Teraglow applied to register the below trade mark, being the image of a Samurai warrior for fishing goods in Class 28. The application was blocked by a prior registration for the plain word SAMURAI covering the same goods.
The Hearing Officer’s decision in this matter draws upon a long line of case law from Australia, the United Kingdom and New Zealand relating to the likelihood of conceptual similarity and/or commonality of idea leading to consumer confusion. In summarising the case law in this area, the Hearing Officer noted:
I therefore do not consider it an impermissible extension of the principle in Jafferjee to find that a word and its pictorial equivalent are deceptively similar, and it is open to me to make such a finding here.
Having satisfied herself that such a finding could be made, the Hearing Officer set about making that finding and, in doing so, noted that the applicant’s trade mark ‘bears the hallmarks of a samurai, and that is how the [t]rade [m]ark will be perceived and recalled’.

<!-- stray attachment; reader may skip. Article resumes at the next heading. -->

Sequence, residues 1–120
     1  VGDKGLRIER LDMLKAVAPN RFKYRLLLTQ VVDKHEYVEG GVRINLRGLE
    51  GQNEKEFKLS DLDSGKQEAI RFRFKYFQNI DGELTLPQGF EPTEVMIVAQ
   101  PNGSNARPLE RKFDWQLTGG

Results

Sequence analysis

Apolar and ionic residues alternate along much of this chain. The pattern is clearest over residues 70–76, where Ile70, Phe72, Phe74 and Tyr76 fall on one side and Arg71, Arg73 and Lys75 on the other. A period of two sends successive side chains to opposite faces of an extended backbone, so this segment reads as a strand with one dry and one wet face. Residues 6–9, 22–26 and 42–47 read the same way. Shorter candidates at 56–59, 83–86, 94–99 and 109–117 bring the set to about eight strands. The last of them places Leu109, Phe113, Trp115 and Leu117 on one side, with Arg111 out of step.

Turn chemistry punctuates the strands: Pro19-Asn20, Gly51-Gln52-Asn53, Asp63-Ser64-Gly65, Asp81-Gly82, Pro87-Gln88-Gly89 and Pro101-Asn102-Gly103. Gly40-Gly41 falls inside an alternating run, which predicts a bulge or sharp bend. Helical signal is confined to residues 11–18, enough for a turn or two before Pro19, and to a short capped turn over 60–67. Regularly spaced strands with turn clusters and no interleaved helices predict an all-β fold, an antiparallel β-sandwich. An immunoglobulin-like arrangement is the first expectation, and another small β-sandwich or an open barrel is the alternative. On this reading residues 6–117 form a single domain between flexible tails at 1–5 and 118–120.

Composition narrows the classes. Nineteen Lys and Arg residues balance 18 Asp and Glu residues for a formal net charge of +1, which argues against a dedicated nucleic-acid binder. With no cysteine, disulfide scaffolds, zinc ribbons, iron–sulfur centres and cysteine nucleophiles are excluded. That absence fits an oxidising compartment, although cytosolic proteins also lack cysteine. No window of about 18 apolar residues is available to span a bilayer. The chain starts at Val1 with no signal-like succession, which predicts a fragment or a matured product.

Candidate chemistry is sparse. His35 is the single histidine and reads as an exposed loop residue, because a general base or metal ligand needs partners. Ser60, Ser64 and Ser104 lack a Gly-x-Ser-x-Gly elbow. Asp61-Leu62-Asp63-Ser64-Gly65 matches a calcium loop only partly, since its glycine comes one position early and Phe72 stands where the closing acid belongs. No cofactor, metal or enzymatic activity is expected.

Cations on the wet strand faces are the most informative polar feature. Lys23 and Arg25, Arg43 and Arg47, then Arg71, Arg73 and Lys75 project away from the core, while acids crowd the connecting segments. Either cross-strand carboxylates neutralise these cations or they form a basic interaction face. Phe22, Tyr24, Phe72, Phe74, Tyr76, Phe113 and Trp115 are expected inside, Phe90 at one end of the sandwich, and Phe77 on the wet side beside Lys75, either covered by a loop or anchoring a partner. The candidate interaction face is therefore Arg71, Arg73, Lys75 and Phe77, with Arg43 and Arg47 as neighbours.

Being conceptually identical, the Hearing Officer quickly found that the trade marks were deceptively similar and the Samurai warrior image refused registration.
To view the Office decision, click here.
This article is an extract from Spruson & Ferguson’s Asia-Pacific Regional Trade Mark Update. You can view the entire summary here.
Trade Marks Team